Flies hovering around bunks and on cattle’s backs signal fly season — and the need for fly tags and mineral tubs. But Mike Martz has found another way to control flies in his operation’s feedlot.
Martz, who partners in Larson Farms near Maple Park, Ill., was attending a National Cattlemen’s Beef Association convention one year and came across Kunafin, a pest control company based out of Texas. He learned about using wasps for fly control as part of an Integrated Pest Management program, where they use a special kind of wasp — a trichogramma wasp — as a natural fly parasite. The company works with cattle feedlots, dairies, poultry and hog operations, horse farms, and kennels.
At that time, Martz says the 3,400-head feedlot’s main source of fly management was a mister system like one at an apple orchard.
“My concern was the chemicals we were using and how they interacted with the pour-ons we use on the animals,” he says. “So, we went ahead and started using the wasps six years ago.”
Martz says they receive three bags of wasps every week from April 15 through Sept. 15, at a cost of $100 a week.
Kunafin ships the wasps in wood shavings in bags, and when they arrive at the feedlot, they are about to hatch, Martz explains. The wasps look like gnats when they hatch and are not the wasps that sting people.
Once Martz receives the wasps, he and his grandson place them along the outside walls of barns and feed bunks. The wasps then enter the barns and go to work.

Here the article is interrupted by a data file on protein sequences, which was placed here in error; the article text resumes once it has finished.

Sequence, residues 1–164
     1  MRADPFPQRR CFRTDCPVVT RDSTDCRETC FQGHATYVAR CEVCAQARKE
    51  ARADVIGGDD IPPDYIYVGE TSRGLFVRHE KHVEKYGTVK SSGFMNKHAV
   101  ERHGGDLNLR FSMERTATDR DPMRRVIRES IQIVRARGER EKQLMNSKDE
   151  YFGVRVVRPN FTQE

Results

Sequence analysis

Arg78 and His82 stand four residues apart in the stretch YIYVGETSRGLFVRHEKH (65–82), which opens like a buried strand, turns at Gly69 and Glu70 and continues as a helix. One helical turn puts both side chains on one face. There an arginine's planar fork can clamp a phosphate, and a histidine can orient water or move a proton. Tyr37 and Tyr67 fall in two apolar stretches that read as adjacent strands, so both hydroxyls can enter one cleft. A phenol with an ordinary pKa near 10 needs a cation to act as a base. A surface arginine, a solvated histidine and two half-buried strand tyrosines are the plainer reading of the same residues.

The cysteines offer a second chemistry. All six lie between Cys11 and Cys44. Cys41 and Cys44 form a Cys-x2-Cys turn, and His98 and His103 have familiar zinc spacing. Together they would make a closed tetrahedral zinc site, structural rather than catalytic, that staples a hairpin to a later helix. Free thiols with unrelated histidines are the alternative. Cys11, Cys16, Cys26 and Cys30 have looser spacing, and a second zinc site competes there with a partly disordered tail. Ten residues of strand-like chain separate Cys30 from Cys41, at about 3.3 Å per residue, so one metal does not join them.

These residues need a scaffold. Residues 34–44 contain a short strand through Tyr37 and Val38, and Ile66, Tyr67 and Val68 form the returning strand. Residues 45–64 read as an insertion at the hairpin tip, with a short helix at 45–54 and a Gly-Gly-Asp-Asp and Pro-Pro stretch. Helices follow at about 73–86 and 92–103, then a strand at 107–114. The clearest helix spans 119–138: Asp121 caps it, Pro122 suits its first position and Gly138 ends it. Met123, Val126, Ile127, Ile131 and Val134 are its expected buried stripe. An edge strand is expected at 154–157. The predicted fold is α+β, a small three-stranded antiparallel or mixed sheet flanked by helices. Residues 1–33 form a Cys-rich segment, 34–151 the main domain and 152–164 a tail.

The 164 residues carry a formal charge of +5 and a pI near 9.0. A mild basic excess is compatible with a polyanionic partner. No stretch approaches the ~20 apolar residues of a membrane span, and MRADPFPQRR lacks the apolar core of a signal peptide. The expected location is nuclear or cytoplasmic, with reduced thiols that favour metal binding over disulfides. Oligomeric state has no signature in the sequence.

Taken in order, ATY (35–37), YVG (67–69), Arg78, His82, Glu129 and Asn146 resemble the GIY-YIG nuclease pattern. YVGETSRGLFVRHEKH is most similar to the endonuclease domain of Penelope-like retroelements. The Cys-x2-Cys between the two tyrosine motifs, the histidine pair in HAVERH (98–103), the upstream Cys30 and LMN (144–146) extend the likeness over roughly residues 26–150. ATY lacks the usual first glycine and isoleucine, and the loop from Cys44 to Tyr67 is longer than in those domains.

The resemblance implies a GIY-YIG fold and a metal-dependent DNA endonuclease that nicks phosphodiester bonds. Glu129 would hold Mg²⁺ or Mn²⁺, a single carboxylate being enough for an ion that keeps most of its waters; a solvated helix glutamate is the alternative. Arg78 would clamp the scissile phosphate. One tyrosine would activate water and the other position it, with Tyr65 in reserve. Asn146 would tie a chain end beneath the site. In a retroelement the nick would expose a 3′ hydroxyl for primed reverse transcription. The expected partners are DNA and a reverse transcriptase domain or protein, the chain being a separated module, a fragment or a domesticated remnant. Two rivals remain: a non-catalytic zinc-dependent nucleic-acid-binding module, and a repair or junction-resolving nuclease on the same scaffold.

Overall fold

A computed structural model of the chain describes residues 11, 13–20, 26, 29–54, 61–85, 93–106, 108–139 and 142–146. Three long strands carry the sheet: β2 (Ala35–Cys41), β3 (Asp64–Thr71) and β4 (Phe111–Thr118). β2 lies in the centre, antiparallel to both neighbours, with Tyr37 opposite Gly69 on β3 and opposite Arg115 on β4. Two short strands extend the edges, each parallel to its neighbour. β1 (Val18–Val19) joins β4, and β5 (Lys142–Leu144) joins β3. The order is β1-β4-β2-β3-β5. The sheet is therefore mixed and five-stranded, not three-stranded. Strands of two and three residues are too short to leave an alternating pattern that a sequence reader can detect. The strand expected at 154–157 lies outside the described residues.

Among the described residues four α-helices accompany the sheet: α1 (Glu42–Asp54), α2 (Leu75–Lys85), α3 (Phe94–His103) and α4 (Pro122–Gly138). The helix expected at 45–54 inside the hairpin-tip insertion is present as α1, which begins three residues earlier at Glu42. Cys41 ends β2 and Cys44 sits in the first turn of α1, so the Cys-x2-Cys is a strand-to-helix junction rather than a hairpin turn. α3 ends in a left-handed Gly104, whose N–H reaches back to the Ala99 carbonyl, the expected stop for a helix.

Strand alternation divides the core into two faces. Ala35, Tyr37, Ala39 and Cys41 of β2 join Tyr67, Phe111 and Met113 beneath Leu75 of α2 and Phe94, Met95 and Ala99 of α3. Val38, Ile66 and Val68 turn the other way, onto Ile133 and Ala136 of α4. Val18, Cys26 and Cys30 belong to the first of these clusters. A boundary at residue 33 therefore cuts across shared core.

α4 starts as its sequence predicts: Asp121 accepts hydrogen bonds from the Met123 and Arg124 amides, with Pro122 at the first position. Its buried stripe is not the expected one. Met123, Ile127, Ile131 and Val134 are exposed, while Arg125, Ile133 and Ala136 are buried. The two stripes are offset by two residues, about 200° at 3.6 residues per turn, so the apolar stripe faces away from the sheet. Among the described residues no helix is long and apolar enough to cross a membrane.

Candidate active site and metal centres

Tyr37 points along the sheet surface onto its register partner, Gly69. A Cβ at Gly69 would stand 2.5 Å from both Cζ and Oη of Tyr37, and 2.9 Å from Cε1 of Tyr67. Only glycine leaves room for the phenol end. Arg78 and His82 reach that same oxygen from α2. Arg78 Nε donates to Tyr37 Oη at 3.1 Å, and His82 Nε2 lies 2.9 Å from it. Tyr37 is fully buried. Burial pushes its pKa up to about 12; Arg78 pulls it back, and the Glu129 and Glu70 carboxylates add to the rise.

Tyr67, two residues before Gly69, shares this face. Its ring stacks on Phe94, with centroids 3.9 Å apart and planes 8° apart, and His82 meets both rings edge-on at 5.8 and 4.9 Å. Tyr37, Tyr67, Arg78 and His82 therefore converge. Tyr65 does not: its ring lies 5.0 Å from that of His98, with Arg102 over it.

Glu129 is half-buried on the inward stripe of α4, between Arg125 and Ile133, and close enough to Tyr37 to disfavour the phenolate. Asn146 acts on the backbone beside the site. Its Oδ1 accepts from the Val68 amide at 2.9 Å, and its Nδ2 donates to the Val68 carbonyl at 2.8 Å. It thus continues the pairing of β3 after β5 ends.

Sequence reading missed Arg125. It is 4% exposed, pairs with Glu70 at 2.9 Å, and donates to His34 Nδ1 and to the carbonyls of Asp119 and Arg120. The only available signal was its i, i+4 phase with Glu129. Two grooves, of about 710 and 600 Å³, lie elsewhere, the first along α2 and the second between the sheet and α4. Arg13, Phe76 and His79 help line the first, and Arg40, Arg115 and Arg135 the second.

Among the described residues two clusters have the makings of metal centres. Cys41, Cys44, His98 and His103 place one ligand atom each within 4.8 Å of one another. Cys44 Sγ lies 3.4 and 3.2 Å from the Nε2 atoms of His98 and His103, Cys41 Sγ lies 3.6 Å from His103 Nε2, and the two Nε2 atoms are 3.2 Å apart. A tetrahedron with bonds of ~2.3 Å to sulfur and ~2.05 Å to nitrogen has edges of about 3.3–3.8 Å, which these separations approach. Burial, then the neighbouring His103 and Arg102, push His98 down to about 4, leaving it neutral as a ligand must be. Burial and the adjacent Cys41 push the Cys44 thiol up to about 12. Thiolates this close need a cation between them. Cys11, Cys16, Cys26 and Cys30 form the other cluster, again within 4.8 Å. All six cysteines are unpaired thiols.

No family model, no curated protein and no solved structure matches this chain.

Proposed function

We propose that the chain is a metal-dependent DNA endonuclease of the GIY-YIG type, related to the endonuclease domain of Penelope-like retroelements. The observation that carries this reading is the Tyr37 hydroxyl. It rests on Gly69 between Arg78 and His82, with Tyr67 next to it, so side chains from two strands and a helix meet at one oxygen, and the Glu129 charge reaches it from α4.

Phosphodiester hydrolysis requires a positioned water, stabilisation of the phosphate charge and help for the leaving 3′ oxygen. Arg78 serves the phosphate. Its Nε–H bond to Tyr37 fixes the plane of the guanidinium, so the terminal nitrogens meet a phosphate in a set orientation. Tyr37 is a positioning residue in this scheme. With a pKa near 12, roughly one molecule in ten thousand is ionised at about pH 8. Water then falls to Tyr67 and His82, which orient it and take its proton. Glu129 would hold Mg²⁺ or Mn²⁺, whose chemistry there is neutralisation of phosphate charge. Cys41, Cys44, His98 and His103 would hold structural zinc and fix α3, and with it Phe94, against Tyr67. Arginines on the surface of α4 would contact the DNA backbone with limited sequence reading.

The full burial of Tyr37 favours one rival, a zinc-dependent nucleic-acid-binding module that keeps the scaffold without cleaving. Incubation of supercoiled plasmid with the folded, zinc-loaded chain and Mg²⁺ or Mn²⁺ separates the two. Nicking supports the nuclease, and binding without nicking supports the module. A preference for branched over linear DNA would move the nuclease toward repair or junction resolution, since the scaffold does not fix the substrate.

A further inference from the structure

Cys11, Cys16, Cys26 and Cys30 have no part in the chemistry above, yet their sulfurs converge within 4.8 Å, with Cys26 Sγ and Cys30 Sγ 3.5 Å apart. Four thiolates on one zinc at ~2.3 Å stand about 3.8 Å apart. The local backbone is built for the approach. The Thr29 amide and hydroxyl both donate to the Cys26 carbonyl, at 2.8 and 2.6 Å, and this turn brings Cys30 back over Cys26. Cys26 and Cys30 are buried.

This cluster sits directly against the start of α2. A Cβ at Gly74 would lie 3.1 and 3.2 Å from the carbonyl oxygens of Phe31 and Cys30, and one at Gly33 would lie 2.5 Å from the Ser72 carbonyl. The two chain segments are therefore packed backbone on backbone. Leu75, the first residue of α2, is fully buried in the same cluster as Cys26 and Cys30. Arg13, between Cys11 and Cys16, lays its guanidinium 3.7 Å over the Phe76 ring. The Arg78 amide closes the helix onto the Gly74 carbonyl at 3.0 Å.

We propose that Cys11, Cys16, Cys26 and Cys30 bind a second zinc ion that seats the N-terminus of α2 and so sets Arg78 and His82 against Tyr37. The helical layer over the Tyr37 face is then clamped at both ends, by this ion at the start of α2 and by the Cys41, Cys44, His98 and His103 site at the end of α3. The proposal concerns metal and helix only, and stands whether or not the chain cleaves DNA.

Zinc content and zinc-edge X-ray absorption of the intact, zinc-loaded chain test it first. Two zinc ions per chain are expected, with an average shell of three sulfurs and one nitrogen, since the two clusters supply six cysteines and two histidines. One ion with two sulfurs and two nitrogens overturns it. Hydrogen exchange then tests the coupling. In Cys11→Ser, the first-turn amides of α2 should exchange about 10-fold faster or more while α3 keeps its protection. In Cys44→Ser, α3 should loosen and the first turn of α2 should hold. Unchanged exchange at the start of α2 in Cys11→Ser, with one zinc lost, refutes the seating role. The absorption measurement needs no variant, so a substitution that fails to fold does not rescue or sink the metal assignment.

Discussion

The wasps eat into fly larvae, he says. When they attack the fly larvae, the flies cannot hatch, and that is what controls the fly population.
Martz says he visits many feedlots that do not use wasps for fly control, and it shows by the number of flies in comparison to his operation.
For producers looking to implement this fly control program next summer, he shares some tips:
Start early. Producers should use wasps prior to the thick of fly season. Put wasps out in April to make sure they are eating into fly larvae before they hatch and get out of hand.
Distribute evenly. It is important to spread out the wasps throughout all areas where flies gather. Doing so will allow for an equal spread of fly control across the cattle.
Be consistent. Place wasps around barns and bunks every week to stay on top of flies hatching and reduce fly populations. Make sure to distribute wasps the day of or day after receiving. With the wasps being close to hatching during shipment, it is important to get them to the cattle as soon as possible.
“I was a little hesitant when we started this,” Martz says. “But I’m kind of a believer in it now.”